Quiet Reflection – Making Pies from Scratch

It has been a reflective week. Do you ever have those? The kind where your thoughts run a little slower. You have a feeling of nostalgia that you can’t quite pinpoint. You might even be a little more withdrawn and less talkative than normal. It’s not a wistful look back, a pitty party, or a time for dwelling on mistakes or regrets. It’s simpler than that. It’s calm. It’s peaceful. You could even call it a quiet acceptance – of what, I’m not sure. Maybe everything? Maybe nothing? Maybe it simply marks the closing of a chapter. A new one is afoot afterall.

Well, this is one of those weeks. Perhaps it’s the upcoming adventure. Or maybe it’s my way of procrastinating. It could be the cherished time spent with a good friend and honest conversations. Or maybe it was even the concussion I got while trying to free a bird from under the lawn mower. Seriously. (I think the universe literally whacked me on the head to get my attention – slow down it said!)

pie making

Well, message received. So today, we’re going to revisit my recipe for a Shortening Double Pie Crust. The timing seems right. We’ve recently shared new pie recipes, have one more coming, and it is the holiday pie making season! Not to mention, dough is one of my favorite things to make. Preparing dough brings me completely into the present moment. It’s meditative and Zen like. When I’m making a dough, especially a pie crust, the rest of the world is shut out. It’s me and the dough. It requires concentration as so much of its success is based on the tactile experience.

pie with grandma

I found these pictures in a box of photos from my Grandma Pat’s house a while back. I don’t really remember these particular days, but it would seem as though making pie crust was rooted early. It’s funny, because I don’t recall making a pie until I was in mid-twenties (let alone ever really cooking until then!). My first pie crusts were a shortening and butter mix. They were good, but I wanted them more like my Grandma Farreline’s.

double shortening pie crust ingredients

So, when I was about five or six months pregnant with Mr. N, I drove down state to Grandma’s for her to teach me how to make her blackberry cobbler. In my hormonal, nesting state, I simply could not imagine a world in which I could raise kids without this knowledge! While I have yet to master the cobbler – according to my kids, I’m getting close, but (Great) Grandma’s is still the best – I have nailed down the shortening pie crust. (And a butter pie crust that’s fantastic with blueberry pie!)

cutting shortening

The crust is made from a few simple ingredients – flour, salt, sugar, shortening and ice cold water. That’s it. First the dry ingredients are sifted together. Then the shortening is cut into the dry ingredients.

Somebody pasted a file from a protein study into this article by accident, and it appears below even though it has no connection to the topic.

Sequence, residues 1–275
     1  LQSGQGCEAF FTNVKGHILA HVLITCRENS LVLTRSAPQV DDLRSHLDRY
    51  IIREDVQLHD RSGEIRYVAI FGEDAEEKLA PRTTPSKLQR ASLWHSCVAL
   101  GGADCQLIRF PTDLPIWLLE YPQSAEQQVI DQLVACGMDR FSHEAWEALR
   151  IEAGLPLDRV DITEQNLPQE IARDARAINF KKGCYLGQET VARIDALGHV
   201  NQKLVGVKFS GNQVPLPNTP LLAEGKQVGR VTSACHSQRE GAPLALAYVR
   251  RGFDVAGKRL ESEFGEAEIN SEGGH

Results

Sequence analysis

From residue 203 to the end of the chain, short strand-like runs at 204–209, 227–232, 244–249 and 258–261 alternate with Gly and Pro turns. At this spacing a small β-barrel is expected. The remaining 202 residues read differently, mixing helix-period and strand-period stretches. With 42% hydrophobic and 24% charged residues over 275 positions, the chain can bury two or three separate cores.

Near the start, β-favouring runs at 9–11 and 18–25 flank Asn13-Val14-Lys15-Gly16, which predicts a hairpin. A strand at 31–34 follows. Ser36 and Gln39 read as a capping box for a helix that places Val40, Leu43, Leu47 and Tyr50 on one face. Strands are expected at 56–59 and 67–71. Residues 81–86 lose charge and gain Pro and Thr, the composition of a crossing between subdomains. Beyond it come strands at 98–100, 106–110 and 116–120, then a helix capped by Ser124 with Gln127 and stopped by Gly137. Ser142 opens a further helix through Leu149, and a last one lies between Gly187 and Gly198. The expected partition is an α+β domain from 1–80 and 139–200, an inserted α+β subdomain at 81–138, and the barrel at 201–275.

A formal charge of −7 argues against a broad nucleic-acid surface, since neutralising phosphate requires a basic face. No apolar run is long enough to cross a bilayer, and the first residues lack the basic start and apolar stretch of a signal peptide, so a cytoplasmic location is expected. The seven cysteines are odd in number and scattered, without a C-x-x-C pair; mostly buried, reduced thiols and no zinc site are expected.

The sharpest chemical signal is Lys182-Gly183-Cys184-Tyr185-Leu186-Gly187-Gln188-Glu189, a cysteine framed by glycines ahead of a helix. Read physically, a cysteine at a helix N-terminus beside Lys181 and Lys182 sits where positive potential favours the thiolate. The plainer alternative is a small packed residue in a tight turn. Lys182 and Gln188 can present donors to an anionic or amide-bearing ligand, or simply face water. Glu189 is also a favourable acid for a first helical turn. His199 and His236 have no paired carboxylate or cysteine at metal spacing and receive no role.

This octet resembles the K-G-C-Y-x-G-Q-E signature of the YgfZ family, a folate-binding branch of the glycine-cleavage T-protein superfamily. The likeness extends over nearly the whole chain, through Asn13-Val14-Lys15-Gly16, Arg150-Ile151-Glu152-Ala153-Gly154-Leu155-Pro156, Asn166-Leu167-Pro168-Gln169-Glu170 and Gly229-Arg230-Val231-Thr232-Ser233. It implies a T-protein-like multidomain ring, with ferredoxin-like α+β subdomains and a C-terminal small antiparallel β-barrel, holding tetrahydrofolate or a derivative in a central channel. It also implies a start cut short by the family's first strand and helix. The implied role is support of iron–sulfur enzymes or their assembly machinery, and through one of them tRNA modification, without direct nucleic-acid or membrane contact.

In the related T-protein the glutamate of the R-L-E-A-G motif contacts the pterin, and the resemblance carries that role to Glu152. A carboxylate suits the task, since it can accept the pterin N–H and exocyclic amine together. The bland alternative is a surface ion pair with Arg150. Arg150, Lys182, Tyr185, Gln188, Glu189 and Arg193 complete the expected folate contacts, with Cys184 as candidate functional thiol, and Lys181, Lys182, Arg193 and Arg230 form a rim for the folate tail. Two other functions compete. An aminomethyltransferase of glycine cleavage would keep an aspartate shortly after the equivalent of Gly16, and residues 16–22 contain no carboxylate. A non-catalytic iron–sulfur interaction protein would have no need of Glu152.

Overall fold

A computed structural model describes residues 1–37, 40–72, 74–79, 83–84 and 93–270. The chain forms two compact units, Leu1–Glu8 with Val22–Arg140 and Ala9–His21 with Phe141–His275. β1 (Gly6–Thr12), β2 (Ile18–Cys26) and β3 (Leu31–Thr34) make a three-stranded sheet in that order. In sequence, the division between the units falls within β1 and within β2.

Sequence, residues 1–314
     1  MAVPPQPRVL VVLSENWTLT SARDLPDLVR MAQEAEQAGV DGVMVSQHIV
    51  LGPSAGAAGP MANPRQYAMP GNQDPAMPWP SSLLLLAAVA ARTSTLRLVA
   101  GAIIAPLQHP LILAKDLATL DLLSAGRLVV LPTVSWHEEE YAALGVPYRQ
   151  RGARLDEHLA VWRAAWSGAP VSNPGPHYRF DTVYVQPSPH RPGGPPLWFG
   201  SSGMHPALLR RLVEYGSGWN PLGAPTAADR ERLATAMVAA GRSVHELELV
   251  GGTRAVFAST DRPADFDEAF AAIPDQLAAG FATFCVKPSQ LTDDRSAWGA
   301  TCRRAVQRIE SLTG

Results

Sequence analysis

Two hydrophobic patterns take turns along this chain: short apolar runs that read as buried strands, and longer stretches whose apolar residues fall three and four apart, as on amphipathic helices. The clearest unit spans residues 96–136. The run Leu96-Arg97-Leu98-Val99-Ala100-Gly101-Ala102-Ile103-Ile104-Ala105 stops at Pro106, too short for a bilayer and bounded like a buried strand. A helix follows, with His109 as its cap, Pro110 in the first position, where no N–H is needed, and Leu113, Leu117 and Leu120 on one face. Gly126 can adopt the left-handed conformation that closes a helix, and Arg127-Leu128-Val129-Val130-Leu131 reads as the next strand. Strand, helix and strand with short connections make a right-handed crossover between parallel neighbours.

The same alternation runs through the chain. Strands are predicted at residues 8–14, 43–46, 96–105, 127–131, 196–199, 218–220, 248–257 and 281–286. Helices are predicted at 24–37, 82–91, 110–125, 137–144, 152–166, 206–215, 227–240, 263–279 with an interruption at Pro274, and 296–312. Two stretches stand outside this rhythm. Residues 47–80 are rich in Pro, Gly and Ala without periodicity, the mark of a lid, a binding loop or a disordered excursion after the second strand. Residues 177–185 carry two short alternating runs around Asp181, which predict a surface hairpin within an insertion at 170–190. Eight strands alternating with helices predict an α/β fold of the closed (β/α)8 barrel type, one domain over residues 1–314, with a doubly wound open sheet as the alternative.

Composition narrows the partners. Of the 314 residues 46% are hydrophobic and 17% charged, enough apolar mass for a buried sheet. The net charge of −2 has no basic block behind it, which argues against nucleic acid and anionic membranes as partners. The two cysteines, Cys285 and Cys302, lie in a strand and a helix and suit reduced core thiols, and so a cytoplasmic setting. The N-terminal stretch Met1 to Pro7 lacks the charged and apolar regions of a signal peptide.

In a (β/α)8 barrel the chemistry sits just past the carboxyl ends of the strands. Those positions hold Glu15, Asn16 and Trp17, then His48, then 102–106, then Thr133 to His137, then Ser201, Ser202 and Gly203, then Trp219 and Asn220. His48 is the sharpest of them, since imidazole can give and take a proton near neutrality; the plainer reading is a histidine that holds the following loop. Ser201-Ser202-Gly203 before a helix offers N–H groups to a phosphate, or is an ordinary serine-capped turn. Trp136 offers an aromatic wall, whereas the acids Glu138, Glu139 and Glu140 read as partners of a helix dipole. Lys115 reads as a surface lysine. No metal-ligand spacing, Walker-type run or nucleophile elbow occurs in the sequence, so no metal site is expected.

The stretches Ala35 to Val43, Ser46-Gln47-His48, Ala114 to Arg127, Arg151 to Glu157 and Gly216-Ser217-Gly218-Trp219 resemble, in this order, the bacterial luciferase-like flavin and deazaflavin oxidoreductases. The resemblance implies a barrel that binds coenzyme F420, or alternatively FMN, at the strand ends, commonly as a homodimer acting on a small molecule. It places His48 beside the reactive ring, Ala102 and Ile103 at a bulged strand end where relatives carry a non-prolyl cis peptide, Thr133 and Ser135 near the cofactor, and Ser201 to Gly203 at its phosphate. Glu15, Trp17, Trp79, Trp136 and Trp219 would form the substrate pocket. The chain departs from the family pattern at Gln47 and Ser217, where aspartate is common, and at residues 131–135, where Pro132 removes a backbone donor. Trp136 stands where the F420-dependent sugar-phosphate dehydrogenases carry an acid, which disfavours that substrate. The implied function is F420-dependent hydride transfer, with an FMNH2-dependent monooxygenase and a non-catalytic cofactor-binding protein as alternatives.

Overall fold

Is anyone else excited about shortening sticks? I do not miss having to measure shortening from a tin and getting it all over my hands. While I love making pie crust, I loathe the feeling of shortening on my hands. The sticks are my favorite cooking convenience ever!

water to dough

Once the shortening is cut in, it’s blended with the dry ingredients using a pastry blender or two knives (using them in a scissoring motion). I use a pastry blender in most instances, but sometimes out of necessity or just for fun or a sense of nostalgia, I’ll go the knife route. Once you have a mixture of small and large clumps in the dough, it’s time to begin adding the water.

dough ball

Here’s where the sensory experience begins. Most recipes will call for 6 to 8 tablespoons of ice cold water. The water is added one tablespoon at a time, while pulling the dough up with two forks from the bottom of the bowl to incorporate. While sometimes this works for me, more often than not, I find I need about 10 tablespoons of water. You don’t want your dough too dry or it won’t roll out properly, nor do you want it too wet and sticky. It’s a fine line and it takes practice to know when it’s right. Fortunately pie crust making is a trial and error process with delicious results! If it’s too wet, add a little more flour. Too dry, add a little more water.

dough ball

I usually add about 6 tablespoons without thinking too much about it, then add one at a time thereafter until it’s right. After about 8 tablespoons of water has been added, I ditch the forks and dig my hands in. This is the only way for me to tell when the dough is ready. I knead and fold the dough until it’s smooth and slightly sticky to the touch. I form it into one ball, then break it in half and form two balls. One ball of dough should be slightly larger than the other (for the bottom crust).

pie crust dough

From here, the dough is flattened into a disk about 1/2″ to an inch in thickness and wrapped in plastic wrap. I then refrigerate it for a minimum of one hour. This is usually when I prepare my pie filling. You can also add the dough to a sealable plastic bag and store it in the freezer for use another day. Or if you’re making a tart or a one-crust pie, use one and store the other in the freezer.

rolling dough